Influence of Cultural and Personal Experiences:

A colorist’s aesthetic choices are inevitably shaped by their life experiences – the environment they grew up in, their cultural background, the kind of music they listen to, the films they cherish, and so much more. These elements subtly influence the way they perceive and use color, and it can be intriguing to reflect this personal touch in the showreel.

Choosing the Right Music:

While your personal music preference is essential, the showreel should feature a track that complements and elevates the work you’re presenting. Just because you love a particular genre or band doesn’t mean it’s the right fit for your showreel. Although I enjoy a lot of hard rock music, I do not include Metallica in my showreel, of course. The imagery and shot-to-shot flow are the most critical aspects of the showreel, and if the music isn’t working, ditch it! Scrape the music if you think your reel is not capable of pulling off such a slow-paced cut and song.

Be Ready to Make Tough Choices:

The showreel should be a reflection of your best work, and sometimes this means making hard decisions. If the music isn’t elevating your reel or if the pacing feels off, be prepared to adjust. Whether it’s changing the track or re-editing to achieve better flow, always prioritize the overall impact of your reel.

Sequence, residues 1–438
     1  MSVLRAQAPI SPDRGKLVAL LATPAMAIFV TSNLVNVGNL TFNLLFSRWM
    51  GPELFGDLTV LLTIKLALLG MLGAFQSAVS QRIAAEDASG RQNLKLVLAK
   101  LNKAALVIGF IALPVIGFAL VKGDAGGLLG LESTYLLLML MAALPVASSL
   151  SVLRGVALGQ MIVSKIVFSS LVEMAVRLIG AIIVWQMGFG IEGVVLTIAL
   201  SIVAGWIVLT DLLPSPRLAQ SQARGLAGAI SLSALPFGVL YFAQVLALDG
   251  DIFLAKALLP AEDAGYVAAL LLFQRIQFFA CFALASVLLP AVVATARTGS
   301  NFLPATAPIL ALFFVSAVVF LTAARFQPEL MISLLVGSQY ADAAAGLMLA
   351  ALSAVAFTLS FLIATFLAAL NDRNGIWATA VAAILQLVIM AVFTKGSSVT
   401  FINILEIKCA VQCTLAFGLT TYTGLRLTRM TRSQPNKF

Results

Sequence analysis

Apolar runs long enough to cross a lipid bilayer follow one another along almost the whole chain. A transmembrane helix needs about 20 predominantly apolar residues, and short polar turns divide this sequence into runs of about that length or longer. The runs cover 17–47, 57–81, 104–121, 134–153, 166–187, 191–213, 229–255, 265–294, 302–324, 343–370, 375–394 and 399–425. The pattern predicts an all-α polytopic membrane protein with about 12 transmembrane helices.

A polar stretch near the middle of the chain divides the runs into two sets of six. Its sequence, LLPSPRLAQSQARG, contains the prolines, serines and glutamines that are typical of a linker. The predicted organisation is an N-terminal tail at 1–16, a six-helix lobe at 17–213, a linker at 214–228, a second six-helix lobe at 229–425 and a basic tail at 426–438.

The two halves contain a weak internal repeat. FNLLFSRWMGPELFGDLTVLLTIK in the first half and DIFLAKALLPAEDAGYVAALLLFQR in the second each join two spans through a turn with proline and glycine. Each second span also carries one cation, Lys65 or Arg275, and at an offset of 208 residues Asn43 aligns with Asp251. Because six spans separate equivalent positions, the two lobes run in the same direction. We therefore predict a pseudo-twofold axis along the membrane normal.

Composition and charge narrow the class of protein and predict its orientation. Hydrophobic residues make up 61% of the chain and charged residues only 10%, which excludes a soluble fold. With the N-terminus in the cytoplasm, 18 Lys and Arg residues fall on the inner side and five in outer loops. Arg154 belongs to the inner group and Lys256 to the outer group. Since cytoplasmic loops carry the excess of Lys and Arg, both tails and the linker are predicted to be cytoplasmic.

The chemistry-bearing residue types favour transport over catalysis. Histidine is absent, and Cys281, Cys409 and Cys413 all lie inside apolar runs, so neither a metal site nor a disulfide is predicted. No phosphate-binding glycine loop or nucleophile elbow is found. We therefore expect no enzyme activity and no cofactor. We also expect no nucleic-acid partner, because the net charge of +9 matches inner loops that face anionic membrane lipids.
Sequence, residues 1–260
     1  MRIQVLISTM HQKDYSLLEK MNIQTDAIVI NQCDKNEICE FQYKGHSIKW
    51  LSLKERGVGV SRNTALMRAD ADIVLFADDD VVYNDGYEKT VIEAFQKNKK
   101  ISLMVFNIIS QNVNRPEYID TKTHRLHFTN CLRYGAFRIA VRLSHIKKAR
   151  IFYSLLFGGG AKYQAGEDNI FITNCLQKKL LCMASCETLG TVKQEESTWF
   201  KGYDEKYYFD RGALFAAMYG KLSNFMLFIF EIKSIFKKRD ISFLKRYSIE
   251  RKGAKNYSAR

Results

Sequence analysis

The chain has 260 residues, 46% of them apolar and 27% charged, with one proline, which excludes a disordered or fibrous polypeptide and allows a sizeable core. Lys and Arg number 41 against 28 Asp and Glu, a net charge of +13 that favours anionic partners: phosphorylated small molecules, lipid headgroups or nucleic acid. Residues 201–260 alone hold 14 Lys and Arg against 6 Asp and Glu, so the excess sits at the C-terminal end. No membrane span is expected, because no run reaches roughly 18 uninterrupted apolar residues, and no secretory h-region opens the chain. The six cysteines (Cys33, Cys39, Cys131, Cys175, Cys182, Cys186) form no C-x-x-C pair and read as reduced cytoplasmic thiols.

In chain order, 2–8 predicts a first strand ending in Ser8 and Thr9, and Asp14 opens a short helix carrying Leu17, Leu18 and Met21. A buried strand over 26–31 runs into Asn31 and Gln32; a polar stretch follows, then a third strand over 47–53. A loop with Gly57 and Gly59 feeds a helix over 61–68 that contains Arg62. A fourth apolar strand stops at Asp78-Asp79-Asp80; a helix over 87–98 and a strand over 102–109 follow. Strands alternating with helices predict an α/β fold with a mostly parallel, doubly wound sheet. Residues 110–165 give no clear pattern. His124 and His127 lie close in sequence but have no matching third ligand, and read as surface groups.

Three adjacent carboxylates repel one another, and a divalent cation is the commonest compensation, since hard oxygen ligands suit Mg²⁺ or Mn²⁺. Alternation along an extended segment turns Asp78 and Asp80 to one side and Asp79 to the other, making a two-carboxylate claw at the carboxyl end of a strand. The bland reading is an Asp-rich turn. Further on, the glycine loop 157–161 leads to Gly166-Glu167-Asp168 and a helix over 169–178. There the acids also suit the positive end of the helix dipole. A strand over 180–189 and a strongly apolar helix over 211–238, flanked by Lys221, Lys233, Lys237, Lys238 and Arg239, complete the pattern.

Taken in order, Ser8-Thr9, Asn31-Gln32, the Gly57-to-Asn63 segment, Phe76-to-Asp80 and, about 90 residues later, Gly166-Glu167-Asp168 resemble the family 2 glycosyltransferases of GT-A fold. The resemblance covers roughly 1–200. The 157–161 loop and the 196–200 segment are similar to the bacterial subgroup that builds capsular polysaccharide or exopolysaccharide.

Also Read- What Is A 3×3 Matrix In Color Grading- In Depth

Some Showreel Examples

2. Don’t be overconfident with your skills.

Crafting a showreel is as much about showcasing your work as it is about presenting yourself as a professional. While there’s no universally accepted blueprint for a colorist showreel, some key principles can guide you in maximizing its impact. One of these principles is to maintain humility and self-awareness throughout the process.

Balancing Confidence with Humility:

In the world of color grading, the goal is to enhance and elevate visuals to their utmost potential. It’s essential to apply the same diligence when curating your showreel. While believing in your abilities and strengths is crucial, remember to approach your work with a sense of humility.

Understanding Your Audience:

Your showreel will be viewed by industry professionals who have seen a plethora of reels throughout their careers. Overconfidence can be easily discerned, and it might lead to your reel being overlooked. Strike a balance in your presentation — showcase your best work without appearing as if you believe you’re the sole maestro in the field.